The way Canadians feel about the motivation driving these tax changes does not fluctuate based on one’s propensity to be following the issue in the news, nor by the means through which someone receives their news (traditional vs. social), or age, or gender. It does vary by geography, however: Residents of Saskatchewan and Manitoba (77%) are the most likely to believe the proposed tax changes were motivated by money, not fairness, followed by those living in Alberta (67%), Ontario (61%), Atlantic Canada (54%), British Columbia (49%) and Quebec (48%).
These are some of the findings of an Ipsos poll conducted between October 23 and 25, 2017 for Global News. For this survey, a sample of 1,001 Canadians aged 18+ from Ipsos' online panel was interviewed online. Weighting was then employed to balance demographics to ensure that the sample's composition reflects that of the adult population according to Census data and to provide results intended to approximate the sample universe. The precision of Ipsos online polls is measured using a credibility interval. In this case, the poll is accurate to within ±3.5 percentage points, 19 times out of 20, had all Canadian adults been polled. The credibility interval will be wider among subsets of the population. All sample surveys and polls may be subject to other sources of error, including, but not limited to coverage error, and measurement error.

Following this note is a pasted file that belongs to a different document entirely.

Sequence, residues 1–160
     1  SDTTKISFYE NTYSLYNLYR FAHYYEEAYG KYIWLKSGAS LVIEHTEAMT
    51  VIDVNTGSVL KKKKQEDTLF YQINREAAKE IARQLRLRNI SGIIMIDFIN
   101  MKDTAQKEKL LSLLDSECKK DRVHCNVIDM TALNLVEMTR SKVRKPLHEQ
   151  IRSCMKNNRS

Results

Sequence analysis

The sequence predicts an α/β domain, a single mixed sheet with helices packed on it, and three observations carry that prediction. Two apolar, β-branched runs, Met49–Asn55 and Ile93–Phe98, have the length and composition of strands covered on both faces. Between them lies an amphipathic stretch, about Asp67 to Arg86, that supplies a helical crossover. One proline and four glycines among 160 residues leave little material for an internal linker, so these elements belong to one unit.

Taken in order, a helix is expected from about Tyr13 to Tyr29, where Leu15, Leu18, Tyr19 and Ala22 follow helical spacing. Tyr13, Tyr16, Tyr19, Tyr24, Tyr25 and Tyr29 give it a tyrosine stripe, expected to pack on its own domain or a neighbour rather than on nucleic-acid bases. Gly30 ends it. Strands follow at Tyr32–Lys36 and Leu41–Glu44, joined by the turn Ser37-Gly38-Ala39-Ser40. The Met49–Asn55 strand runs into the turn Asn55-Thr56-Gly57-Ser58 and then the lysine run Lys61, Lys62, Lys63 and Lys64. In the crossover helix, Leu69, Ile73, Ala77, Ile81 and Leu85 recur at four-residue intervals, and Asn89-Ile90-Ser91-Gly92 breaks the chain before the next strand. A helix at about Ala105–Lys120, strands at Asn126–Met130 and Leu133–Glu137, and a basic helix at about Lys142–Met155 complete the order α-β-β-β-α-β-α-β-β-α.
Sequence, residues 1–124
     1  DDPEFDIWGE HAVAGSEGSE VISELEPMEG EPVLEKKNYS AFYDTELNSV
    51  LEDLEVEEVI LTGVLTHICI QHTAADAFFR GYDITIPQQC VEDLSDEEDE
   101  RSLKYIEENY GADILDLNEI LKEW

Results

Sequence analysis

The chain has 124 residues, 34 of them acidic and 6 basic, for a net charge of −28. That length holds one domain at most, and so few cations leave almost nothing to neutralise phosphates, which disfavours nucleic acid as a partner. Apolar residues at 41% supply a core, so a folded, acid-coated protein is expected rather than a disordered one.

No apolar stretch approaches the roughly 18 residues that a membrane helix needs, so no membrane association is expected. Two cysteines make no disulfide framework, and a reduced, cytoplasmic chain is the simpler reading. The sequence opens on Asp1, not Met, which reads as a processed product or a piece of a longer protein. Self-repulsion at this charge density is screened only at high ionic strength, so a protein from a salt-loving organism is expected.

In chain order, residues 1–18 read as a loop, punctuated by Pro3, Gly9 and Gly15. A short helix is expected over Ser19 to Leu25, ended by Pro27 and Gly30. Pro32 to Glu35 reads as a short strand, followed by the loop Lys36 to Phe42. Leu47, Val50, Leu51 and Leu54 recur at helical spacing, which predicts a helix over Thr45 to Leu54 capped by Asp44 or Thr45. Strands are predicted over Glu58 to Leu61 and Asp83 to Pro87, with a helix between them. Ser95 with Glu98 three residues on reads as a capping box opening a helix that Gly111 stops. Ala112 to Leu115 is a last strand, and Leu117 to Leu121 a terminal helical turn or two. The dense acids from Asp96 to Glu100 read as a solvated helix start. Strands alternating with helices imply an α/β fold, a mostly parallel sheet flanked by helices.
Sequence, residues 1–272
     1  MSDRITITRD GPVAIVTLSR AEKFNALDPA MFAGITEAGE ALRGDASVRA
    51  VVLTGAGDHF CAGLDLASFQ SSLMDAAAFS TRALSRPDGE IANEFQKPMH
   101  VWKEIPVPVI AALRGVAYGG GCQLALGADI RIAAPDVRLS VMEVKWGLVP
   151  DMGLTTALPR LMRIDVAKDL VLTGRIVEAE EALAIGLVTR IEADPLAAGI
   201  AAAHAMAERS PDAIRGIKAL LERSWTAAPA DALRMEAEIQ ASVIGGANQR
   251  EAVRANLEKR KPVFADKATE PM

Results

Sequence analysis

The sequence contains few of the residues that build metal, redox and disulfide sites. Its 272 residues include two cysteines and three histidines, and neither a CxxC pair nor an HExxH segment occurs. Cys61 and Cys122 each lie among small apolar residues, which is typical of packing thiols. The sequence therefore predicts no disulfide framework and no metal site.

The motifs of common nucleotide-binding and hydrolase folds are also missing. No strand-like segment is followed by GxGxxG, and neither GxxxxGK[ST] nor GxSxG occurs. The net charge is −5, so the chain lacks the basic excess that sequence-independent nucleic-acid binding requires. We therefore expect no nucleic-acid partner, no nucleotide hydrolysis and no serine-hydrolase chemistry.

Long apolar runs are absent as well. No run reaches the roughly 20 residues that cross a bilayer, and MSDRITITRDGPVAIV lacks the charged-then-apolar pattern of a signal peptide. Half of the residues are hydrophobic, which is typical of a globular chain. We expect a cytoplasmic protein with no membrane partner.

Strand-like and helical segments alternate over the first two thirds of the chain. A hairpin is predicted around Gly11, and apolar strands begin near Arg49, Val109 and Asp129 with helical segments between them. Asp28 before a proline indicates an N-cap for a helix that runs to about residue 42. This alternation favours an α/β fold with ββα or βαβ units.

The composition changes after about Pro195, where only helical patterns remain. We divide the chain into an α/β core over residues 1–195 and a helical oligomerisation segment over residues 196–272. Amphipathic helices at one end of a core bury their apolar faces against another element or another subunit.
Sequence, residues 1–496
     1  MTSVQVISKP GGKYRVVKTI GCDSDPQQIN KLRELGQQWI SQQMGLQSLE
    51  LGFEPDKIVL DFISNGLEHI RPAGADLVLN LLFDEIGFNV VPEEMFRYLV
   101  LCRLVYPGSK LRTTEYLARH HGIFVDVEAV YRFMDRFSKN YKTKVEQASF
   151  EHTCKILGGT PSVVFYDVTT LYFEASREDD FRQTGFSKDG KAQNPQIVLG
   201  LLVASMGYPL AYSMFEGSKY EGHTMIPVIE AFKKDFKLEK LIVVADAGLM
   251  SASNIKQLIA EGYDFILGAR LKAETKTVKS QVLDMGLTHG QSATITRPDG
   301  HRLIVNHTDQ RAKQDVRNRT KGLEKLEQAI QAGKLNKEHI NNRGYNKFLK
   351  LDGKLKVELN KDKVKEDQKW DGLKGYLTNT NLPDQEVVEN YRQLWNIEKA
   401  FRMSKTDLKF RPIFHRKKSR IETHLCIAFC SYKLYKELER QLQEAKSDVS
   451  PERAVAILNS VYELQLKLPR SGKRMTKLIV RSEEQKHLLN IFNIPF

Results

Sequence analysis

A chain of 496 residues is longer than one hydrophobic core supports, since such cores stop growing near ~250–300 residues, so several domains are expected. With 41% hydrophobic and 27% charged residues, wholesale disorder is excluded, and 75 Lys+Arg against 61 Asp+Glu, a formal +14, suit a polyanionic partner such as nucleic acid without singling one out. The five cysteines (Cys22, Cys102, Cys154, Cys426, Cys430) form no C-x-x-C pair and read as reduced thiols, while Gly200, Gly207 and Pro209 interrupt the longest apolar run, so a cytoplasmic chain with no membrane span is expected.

For more information on this news release, please contact:
Darrell Bricker, PhD
CEO, Ipsos Global Public Affairs
About Ipsos Public Affairs